It smells like sawdust. I'm in the middle of a residential street just outside of Amsterdam, yet the nostalgic whiff of high-school woodshop is unmistakable. I'm looking for the factory that makes Miniot's expertly crafted wooden iPhone and iPad cases — but there isn't one. Instead, at my destination stands a large but otherwise unremarkable family home, indistinguishable from its neighbors. No signs, just the sweet earthy scent of freshly cut lumber.
I ring the bell. Woof. A dog?
Yes, a dog. And children and cookies, too. Miniot is a family business very unlike the Samsung chaebols and Apple corporations that dominate the technology news cycle. I'm standing at the home of Peter Kolkman and Greet van den Berg, owners of Miniot and papa and mama to Piet, Jet, and Berend. It's also the location where the company designs, cuts, and assembles the tens of thousands of products it ships to more than 70 countries. Here, family and profession blur into a uniquely modern balance of work and play.
Kolkman’s first to the door with his great shock of salted gray hair, which hints at both technical genius and artistry — Einstein and Robert Pollard poured liberally into a blue-flannel shirt. His hand, abraded into a coarse melange of callused digits, reaches out to welcome me. I push my lavender-scented palm into his and step through the door, emasculated.
"Coffee?" asks Van den Berg while the dog — Sean Connery — enthusiastically explores my crotch, then my ass, and then back to my crotch with his promiscuous snout. "Sure, black," I say as she smacks the dog and turns away in a well-rehearsed pirouette, flashing copper tresses forged into a loose pile at the base of her neck. The morning sun splinters through a transept of stained glass and strikes what looks like a car bumper in the other room. If this is Peter’s church that I'm standing inside, a place where man prostrates himself before the totems of design, craftsmanship, and family; then Greet, I will learn, is the rock upon which it is built.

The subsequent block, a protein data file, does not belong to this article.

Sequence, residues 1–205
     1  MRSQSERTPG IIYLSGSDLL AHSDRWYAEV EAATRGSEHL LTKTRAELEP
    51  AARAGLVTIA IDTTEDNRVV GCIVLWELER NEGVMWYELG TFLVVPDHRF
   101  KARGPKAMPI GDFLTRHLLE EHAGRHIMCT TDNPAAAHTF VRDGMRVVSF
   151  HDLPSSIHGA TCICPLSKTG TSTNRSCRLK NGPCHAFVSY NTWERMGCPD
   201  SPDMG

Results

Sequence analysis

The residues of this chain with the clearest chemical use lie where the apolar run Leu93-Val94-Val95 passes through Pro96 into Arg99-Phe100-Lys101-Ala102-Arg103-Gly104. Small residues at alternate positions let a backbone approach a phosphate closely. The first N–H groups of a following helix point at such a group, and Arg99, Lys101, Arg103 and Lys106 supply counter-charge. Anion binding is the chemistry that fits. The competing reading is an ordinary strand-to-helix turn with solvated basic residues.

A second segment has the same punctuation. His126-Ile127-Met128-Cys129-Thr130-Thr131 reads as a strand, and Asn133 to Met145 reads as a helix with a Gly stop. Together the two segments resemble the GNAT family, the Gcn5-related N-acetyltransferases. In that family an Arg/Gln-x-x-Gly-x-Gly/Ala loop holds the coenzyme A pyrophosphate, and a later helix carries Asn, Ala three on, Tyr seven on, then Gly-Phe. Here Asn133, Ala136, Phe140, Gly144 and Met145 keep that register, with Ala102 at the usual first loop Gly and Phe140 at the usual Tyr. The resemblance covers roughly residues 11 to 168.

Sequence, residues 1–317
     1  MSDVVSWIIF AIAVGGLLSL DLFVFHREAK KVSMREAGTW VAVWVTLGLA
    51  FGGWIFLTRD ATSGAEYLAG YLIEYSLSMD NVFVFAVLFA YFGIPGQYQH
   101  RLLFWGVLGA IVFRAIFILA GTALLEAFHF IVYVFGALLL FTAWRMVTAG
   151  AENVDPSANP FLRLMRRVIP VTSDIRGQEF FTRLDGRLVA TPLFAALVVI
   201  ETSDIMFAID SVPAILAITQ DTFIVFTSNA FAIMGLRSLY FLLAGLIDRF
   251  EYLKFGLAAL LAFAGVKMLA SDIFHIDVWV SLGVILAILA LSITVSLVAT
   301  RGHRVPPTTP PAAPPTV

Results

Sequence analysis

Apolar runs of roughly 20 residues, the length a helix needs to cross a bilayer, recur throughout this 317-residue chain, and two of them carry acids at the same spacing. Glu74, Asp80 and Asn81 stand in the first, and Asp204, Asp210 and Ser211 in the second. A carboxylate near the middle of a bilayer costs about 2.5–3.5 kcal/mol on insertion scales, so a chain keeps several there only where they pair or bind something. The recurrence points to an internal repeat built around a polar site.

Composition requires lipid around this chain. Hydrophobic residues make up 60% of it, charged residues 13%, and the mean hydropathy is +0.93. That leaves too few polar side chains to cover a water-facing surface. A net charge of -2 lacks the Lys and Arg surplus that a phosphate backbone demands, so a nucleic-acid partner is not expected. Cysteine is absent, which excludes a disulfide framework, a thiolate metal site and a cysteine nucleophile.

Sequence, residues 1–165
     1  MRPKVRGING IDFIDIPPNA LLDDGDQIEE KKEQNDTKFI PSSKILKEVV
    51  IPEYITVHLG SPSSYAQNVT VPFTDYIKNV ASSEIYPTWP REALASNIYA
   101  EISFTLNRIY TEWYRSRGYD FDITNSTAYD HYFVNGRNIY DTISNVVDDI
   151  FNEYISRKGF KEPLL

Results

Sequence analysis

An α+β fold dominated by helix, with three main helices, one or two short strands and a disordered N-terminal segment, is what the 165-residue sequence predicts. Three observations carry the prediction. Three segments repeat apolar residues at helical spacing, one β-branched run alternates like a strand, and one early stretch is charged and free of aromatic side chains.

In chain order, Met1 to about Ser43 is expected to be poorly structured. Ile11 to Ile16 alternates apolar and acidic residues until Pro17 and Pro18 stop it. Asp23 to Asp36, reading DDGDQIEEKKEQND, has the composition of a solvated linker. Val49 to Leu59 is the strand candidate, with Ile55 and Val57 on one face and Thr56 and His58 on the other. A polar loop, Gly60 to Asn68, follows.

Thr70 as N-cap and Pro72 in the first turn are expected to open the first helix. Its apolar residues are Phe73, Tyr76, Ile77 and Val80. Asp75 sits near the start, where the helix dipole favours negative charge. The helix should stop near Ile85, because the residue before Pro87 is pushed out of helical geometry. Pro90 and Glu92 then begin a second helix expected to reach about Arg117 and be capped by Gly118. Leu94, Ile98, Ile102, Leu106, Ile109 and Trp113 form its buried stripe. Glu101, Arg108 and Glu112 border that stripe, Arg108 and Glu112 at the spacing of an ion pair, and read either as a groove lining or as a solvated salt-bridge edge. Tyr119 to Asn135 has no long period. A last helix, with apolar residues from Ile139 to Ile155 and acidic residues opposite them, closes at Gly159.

"Like design and manufacturing is the same process, I think work and life are also the same process."
Miniot as a company is a direct expression of Kolkman's relentless need for creative expression. "I had a graphic design studio where I worked for customers," he reminisces. "But I wanted to make things of my own so I purchased a 3D milling machine and learned to master it in my free time." That was in 2007. "In the process, I thought it would be nice to make a wooden case milled out of one piece of wood for the iPod. I checked the internet and nobody else was making one. So I made prototypes and I went into the woodworking industry to see if it could be produced. It couldn't, nobody could make it. So we decided to do it ourselves."
Seven years later and that single machine has spawned a dozen more, many designed by Kolkman himself. It’s now so busy that the business has taken over the house, forcing Van den Berg, Kolkman, and the kids to take up residence in a smaller building attached at the back — a home Van den Berg and Kolkman largely designed, built, and furnished themselves. "We choose to do it this way and not from some industrial building because it integrates work and life," says Kolkman. "Like design and manufacturing is the same process, I think work and life are also the same process. I have one life and there I make my things. And my kids are around and a part of it all."
Miniot’s not exactly big, not compared to the company in Cupertino whose products it accessorizes. It currently employs just five or six people, depending upon demand, a number Kolkman and Van den Berg have arrived upon by choice as it gives them the ideal ratio of industry responsiveness to product control. "It’s also a good balance of size and fun," says Kolkman, a dynamic that's clear as both kinfolk and employees sit down at the oversized family table for a traditional lunch of hearty breads and smoked fish.
"There are a lot of plastic and rubber cases that are mass produced," says Kolkman, "but it's nice to have a craftsmanship approach." All Miniot products are made of the wood culled from FSC-certified forests: padouk, wenge, oak, walnut, maple, mahogany, and cherry are currently on the menu. "I work with wood because it's warm. It gives a glass and metal device a completely other feel and look. And when it's a year old and full of scratches it's even nicer."